Friday, March 4, 2011


I've been writing this blog for about 1,500 days and have written well-over 2,000 posts. Yeah, some of them have been lame-brained and some of them have been one-liners, but some of them, I think, have been measured, thoughtful and even astute.

I'm a writer in my soul, a copywriter by profession, so I do what I do. I write. I try to tap into my thoughts, observe the world and put it all down on digital paper.

To my mind, it's all very simple. Writers write.

Right now half a dozen of my Facebook friends are planners who seem to be attending TED. If writers write, designers design, photographers shoot, directors direct and comedians joke, I'm wondering what planners do to keep themselves sharp--plan?

What is it they produce? What do they make that advances the ball?


Tore Claesson said...

Many planners mostly leech on the insecurities of clients. For example by implementing seriously flawed scam research schemes such as focus groups they also make life hell for the writers, the photographers, the directors the doers. A topic on which we could write volumes. And when they're not making hell they get to go to TED instead of watching it on youtube at their desks like the rest of us.

dave trott said...

The guy who invented planning (not 'brand' planning, proper planning) was Stanley Pollitt of BMP.
I was a junior there while he was inventing it.
He said a planner should be 'a free-floating intellect'.
Account men only worry about keeping clients happey.
Creatives only worry about winning awards.
Someone should be thinking about the bigger picture, spotting opportunities the others don't.
Thinking laterally in the Edward de Bono sense.
Didn't quite turn out like that did it?

george tannenbaum said...

Dave and Tore,

Maybe it's my martyr complex, but it seems like the very model of the modern agency is made up of a small group of people who actually create the product we sell and a very much larger number of people who sit in judgment of that work--usually after the fact.

What special aptitudes, insights, intellect or encouragement do planners bring.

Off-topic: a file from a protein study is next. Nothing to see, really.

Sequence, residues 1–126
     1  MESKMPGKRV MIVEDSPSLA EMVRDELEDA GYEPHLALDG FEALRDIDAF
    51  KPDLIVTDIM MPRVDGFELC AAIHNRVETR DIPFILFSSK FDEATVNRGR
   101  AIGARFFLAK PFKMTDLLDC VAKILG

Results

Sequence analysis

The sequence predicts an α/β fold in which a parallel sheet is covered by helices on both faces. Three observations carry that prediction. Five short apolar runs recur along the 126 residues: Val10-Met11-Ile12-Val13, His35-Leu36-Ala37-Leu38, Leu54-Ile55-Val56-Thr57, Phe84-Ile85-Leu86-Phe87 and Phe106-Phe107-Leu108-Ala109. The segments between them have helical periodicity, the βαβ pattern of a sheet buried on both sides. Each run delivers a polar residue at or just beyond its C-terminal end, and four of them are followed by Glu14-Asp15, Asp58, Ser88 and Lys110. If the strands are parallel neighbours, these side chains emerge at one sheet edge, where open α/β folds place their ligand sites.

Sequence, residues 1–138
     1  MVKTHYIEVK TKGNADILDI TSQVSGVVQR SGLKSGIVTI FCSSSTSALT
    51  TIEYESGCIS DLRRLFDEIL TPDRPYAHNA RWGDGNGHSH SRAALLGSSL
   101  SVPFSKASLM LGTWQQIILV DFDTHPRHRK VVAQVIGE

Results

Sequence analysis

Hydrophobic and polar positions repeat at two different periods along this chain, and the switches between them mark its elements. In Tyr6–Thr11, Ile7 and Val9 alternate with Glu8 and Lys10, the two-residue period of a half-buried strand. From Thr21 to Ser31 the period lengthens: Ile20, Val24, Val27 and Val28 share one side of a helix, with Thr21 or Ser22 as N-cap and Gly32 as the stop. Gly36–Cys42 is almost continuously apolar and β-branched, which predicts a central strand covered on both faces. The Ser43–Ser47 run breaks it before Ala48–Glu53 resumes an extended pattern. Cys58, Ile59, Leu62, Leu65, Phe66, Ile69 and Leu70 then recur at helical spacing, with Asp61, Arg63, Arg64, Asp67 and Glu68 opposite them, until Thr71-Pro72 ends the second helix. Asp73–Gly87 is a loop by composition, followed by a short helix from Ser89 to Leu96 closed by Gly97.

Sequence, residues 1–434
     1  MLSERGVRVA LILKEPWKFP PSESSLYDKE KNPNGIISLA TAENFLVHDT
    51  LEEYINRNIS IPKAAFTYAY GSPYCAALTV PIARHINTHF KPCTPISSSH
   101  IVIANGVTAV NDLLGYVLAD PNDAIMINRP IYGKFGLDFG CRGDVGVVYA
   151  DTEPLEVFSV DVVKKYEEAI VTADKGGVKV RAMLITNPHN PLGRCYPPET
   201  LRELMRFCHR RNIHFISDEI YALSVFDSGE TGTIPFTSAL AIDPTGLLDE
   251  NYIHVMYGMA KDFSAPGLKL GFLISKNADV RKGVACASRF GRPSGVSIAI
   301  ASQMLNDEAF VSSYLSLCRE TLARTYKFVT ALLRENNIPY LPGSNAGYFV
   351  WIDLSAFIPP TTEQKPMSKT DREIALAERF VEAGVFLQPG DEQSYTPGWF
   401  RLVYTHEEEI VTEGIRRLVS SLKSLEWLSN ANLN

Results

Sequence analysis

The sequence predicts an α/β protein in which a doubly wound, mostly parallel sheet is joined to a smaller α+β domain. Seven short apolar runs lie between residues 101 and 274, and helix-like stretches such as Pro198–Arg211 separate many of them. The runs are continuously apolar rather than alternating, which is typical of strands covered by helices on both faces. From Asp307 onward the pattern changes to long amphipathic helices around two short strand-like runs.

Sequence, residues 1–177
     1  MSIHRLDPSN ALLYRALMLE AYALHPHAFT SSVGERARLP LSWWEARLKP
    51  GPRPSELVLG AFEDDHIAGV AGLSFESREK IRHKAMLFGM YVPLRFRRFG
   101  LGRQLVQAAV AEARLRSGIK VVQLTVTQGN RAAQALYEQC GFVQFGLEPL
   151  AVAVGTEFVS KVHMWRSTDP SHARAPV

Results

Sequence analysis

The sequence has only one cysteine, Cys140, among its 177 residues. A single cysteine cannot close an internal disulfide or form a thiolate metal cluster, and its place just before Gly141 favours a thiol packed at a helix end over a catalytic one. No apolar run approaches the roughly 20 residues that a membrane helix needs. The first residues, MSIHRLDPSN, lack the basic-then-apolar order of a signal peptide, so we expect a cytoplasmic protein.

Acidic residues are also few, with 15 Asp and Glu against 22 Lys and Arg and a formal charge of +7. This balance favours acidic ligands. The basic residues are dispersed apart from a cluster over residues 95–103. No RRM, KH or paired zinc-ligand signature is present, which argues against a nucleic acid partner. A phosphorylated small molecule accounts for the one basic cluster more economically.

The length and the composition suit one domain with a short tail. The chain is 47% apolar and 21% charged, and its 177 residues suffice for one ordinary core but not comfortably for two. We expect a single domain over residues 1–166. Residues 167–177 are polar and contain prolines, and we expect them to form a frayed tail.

A bunch of blowhards.

Tore Claesson said...

It's easier to judge and criticize others work. It's easy to take others opinions (focus groups for example) and hold long serious meetings discussion what was said in the groups. Whether the yellow background gives a brighter impression that the dark gray background, whether a picture of a smiling person send a friendlier message than the version without a smiling person, etc. It's easy, especially today, with so much online, to concoct long presentations with numbers that essentially are meaningless. All this pseudo science clouds the real issues. The real issue that not everyone can come up with compelling ideas, not everyone can write a story that can hold a reader, not everyone can paint a picture that fascinates or take a photo that jumps out and grab you, is thus avoided. The thing called talent. Not everyone has it. But everyone can have an opinion about it. The packaging of those opinions and the language its presented in, disguises the fact that it's often nothing but thin air without oxygen. The business of having an opinion about it is a more lucrative business than actually creating anything. That's why only about 20% of an agency is made up of people who actually do something, like ads. The rest live off what the creatives do. That might be why they always try to belittle the"crazy" creative. And make the art of not making anything become the more important part of the business. Last but not least,to David's point. Proper planning the way it was meant to be, the Pollitt way, is highly useful and a great tool for creatives.